Shad is one of Georgias salmon species: It begins life in freshwater rivers, leaves to grow into an adult in the ocean, then returns several years later to its natal stream to reproduce.
Georgia has at least six anadromous fish species: the American shad, hickory shad, blueback herring, Atlantic sturgeon, mullet, and striped bass. Anadromous species are those species that for a part of their life cycle live in a saltwater habitat but use the freshwater river systems for spawning and nursery purposes.
Traditionally, shad has been prized for its rich, delicate flesh and delectable roe, and landings of shad have traditionally led other fish species in commercial value. But overfishing has depleted their numbers on the Georgia coast from a high of 618,000 pounds in 1969 to 125,872 pounds worth $93,540 in 1997. The Ogeechee variety of shad is especially well known and sought after. During the early part of the year, it can be found on some local menus.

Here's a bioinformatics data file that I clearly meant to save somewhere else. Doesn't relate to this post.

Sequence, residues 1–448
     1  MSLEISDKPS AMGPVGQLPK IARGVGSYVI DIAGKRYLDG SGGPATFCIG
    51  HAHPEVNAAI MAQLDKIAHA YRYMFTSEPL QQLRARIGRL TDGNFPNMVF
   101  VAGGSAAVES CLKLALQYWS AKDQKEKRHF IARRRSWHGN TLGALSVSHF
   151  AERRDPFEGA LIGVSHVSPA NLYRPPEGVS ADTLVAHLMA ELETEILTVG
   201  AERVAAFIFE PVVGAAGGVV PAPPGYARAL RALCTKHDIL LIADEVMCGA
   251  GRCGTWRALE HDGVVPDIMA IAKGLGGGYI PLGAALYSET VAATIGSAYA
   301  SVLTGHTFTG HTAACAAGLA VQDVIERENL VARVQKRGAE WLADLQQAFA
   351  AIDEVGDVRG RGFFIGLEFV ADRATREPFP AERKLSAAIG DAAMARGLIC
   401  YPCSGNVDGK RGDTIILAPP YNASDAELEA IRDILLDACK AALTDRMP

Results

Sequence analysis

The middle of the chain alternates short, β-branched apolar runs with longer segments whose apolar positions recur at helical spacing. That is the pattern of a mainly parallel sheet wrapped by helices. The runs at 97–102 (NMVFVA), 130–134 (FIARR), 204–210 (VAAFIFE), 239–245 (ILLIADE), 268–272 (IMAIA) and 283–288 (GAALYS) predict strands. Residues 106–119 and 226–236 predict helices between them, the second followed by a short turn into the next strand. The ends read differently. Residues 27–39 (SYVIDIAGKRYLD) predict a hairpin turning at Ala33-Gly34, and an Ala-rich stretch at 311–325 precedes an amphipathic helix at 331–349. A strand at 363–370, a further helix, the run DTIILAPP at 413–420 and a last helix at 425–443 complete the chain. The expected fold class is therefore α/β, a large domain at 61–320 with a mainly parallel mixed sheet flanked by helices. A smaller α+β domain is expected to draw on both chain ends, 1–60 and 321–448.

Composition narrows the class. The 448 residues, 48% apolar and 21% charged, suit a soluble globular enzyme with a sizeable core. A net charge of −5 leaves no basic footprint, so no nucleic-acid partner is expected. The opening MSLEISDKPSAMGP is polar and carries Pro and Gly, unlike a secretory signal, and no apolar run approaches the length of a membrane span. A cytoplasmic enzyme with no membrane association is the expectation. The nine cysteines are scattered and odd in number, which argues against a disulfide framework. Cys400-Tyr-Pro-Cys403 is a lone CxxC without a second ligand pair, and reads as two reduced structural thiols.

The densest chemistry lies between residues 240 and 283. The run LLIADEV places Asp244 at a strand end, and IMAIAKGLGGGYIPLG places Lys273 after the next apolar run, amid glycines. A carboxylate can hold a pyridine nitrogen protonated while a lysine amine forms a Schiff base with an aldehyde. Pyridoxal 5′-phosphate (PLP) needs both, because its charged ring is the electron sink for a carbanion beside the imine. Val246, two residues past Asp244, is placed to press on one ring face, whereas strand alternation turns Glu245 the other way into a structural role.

For thousands of years, fishermen have depended on the regular shad runs up southeastern Atlantic rivers during the first four months of the year. Females swim up the river from the Atlantic Ocean to lay their eggs, which hatch and develop as they float downstream. The juveniles leave the rivers in October for the Atlantic Ocean, and travel as far away as Canada and develop into adults. Four or five years later, when it is time to reproduce, they return to the streams of their birth.
Shad are caught in nets and have had their numbers depleted over the years. Regulation of shad fishing has helped stabilize declines and there is hope that shad may be allowed to survive into the twenty-first century without going the way of the dodo bird.
Read and add comments about this page